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Unstable Nepal Appears To Be Heading For Fresh Elections – Analysis

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Neither Oli nor his opponents seem capable of forming a workable coalition to avoid fresh polls

Nepalese President Bidhya Devi Bhandari has reappointed K.P Sharma Oli as Prime Minister three days after he lost the post following his failure to win a vote of confidence in parliament, known as the House of Representatives. The general feeling is that the re-instated Oli government is unlikely to show majority support by the 30-day deadline which has been set.  

Therefore, Nepal seems headed for fresh parliamentary polls, though the coronavirus pandemic is raging. The pandemic has already affected 430,000 people and claimed 4466 lives. But pandemic or no pandemic, politics will continue to engage Nepal’s leaders, irrespective of political or ideological diffeences.     

From the look of it, formation of a stable coalition is impossible given the high degree of factionalism and the high intensity of rivalry in Nepalese politics.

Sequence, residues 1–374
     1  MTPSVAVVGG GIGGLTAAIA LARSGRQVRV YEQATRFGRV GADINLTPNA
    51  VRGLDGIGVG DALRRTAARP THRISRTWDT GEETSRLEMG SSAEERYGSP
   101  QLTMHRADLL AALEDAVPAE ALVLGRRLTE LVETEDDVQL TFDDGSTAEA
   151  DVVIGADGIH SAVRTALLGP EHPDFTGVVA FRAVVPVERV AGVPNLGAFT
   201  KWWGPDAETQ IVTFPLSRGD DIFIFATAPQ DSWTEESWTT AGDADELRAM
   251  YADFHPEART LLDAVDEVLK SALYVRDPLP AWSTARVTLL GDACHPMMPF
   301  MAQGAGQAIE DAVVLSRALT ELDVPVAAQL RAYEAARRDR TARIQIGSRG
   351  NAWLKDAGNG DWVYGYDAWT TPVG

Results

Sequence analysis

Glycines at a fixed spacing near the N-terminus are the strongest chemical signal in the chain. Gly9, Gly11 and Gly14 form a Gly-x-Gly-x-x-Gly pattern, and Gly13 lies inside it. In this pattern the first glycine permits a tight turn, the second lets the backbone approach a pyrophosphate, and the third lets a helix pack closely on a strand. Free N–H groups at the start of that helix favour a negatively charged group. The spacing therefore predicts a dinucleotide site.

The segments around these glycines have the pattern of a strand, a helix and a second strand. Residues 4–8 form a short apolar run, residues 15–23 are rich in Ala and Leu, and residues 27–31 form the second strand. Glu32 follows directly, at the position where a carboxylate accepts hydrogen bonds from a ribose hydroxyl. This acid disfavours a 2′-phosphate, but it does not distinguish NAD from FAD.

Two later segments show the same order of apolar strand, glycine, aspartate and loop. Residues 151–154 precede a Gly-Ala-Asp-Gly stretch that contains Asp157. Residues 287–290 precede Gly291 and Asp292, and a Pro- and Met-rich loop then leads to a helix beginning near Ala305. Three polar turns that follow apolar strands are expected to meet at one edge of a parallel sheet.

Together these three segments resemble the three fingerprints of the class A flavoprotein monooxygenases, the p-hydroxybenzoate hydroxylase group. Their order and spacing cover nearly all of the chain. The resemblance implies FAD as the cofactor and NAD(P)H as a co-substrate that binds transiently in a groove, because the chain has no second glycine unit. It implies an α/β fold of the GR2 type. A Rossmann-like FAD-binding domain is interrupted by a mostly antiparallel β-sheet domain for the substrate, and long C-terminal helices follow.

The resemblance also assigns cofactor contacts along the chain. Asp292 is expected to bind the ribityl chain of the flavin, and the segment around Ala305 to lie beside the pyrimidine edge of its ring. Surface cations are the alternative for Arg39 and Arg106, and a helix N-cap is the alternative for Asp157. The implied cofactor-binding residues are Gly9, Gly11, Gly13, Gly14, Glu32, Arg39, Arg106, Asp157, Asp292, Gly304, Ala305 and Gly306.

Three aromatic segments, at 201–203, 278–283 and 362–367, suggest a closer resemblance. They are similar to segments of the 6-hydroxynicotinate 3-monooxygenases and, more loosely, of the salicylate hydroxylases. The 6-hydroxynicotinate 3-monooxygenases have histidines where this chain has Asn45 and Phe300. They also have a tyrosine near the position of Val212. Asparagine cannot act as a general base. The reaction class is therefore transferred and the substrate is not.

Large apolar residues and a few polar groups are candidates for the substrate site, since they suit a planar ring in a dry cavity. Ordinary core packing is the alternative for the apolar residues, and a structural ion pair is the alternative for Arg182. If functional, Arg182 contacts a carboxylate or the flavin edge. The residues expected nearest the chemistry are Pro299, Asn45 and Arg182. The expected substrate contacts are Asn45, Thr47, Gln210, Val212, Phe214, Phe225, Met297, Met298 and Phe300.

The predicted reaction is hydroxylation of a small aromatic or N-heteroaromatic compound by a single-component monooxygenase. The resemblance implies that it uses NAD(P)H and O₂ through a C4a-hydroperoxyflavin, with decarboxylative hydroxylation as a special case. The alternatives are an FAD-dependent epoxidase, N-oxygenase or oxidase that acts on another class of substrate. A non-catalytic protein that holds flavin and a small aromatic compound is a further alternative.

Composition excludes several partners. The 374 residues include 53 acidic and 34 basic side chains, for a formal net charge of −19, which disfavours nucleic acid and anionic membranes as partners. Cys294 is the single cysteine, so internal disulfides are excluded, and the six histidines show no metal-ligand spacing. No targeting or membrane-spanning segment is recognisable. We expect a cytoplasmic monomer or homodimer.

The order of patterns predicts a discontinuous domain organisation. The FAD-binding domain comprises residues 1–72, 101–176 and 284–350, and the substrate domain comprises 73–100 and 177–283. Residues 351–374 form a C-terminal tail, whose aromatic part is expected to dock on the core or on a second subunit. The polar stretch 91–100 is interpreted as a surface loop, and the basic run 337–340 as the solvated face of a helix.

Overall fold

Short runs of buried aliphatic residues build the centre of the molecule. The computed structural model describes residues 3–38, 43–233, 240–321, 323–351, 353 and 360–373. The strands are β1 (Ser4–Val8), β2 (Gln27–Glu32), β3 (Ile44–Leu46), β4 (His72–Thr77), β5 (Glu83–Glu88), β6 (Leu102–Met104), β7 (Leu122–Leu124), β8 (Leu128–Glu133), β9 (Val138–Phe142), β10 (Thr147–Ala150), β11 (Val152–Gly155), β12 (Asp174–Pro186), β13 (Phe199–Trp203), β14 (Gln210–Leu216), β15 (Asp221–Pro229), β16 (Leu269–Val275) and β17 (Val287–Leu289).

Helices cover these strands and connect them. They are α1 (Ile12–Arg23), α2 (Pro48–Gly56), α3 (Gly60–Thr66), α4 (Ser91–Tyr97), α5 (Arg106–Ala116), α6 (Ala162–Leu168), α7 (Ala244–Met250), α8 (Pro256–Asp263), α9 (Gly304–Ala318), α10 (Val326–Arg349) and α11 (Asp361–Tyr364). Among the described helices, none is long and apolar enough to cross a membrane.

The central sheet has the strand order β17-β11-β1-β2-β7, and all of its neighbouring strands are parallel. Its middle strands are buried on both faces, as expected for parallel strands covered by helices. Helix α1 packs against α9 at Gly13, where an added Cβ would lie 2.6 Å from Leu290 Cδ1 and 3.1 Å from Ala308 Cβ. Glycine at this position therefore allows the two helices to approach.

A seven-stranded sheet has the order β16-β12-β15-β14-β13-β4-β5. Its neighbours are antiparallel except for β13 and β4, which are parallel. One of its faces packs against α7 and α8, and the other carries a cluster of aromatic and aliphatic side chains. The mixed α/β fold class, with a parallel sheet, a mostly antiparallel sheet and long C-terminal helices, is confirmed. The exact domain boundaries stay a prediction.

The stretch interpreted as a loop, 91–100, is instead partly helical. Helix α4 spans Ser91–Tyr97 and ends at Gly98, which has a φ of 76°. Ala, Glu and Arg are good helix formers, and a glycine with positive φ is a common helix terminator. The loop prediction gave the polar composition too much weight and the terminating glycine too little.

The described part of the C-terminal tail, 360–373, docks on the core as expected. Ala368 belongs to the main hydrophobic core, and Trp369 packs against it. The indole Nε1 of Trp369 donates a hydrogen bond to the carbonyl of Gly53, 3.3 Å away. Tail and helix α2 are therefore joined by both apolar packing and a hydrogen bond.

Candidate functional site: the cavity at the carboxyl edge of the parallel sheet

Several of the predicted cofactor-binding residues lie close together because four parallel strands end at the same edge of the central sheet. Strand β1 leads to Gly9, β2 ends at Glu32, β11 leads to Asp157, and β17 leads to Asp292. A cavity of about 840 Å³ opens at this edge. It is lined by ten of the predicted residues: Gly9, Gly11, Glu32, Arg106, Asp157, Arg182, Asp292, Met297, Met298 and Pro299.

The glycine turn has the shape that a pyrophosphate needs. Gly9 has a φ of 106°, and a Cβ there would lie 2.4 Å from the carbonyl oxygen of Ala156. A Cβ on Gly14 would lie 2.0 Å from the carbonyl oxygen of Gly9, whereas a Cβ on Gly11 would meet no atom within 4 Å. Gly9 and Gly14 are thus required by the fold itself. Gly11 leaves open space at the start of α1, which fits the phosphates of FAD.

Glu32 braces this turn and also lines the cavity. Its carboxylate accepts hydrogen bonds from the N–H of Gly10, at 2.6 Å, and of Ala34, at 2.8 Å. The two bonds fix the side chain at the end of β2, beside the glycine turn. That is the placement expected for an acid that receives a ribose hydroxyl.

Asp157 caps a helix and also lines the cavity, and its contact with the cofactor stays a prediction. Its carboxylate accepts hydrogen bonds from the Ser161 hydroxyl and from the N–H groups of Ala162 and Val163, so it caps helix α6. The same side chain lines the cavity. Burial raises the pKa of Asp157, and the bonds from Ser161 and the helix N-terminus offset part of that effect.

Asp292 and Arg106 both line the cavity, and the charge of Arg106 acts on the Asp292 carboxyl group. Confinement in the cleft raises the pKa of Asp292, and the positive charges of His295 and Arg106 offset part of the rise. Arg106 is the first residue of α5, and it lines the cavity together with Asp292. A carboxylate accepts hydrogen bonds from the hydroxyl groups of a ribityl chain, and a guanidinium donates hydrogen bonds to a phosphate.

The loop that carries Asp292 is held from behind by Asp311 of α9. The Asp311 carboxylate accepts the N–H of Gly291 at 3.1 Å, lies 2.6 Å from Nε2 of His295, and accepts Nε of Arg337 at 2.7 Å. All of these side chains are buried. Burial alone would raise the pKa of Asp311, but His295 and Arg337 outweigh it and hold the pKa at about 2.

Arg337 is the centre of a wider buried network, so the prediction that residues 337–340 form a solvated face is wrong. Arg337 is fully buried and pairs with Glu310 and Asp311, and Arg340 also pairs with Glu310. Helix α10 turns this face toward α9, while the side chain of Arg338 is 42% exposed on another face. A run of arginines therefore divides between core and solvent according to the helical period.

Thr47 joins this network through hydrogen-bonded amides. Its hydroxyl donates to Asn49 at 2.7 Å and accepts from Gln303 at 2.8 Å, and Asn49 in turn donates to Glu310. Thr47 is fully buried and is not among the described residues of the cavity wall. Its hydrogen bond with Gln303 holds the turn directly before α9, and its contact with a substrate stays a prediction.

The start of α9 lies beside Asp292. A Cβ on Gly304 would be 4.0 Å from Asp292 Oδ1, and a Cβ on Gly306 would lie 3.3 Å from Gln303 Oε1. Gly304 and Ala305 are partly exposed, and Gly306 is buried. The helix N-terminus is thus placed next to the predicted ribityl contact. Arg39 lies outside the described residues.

President Bhandari had given parties in parliament time until Thursday night to come out with claims of majority support. But none of the parties came forward to stake a claim. Therefore she had no option but to re-appoint Oli because his Communist Party of Nepal-Unified Marxist Leninist (CPN-UML) was still the single largest party in parliament with 121 members (though in fact he got only 93 votes in the Confidence Vote).   

The Nepali Congress (NC) led by Sher Bahadur Deuba and the Communist Party of Nepal-Maoist Center (CPN-MC) led by Pushpa Kamal Dahal alias Prachanda, had tried to stitch together a majority, but failed. The Maoist Center’s spokersperson Narayan Kaji Shrestha said that the CPN-MC was waiting for the result of Oli’s talks with one of its leaders, Madhav Kumar Nepal. As for the Janata Samajbadi Party (JSP), it could not take a decision.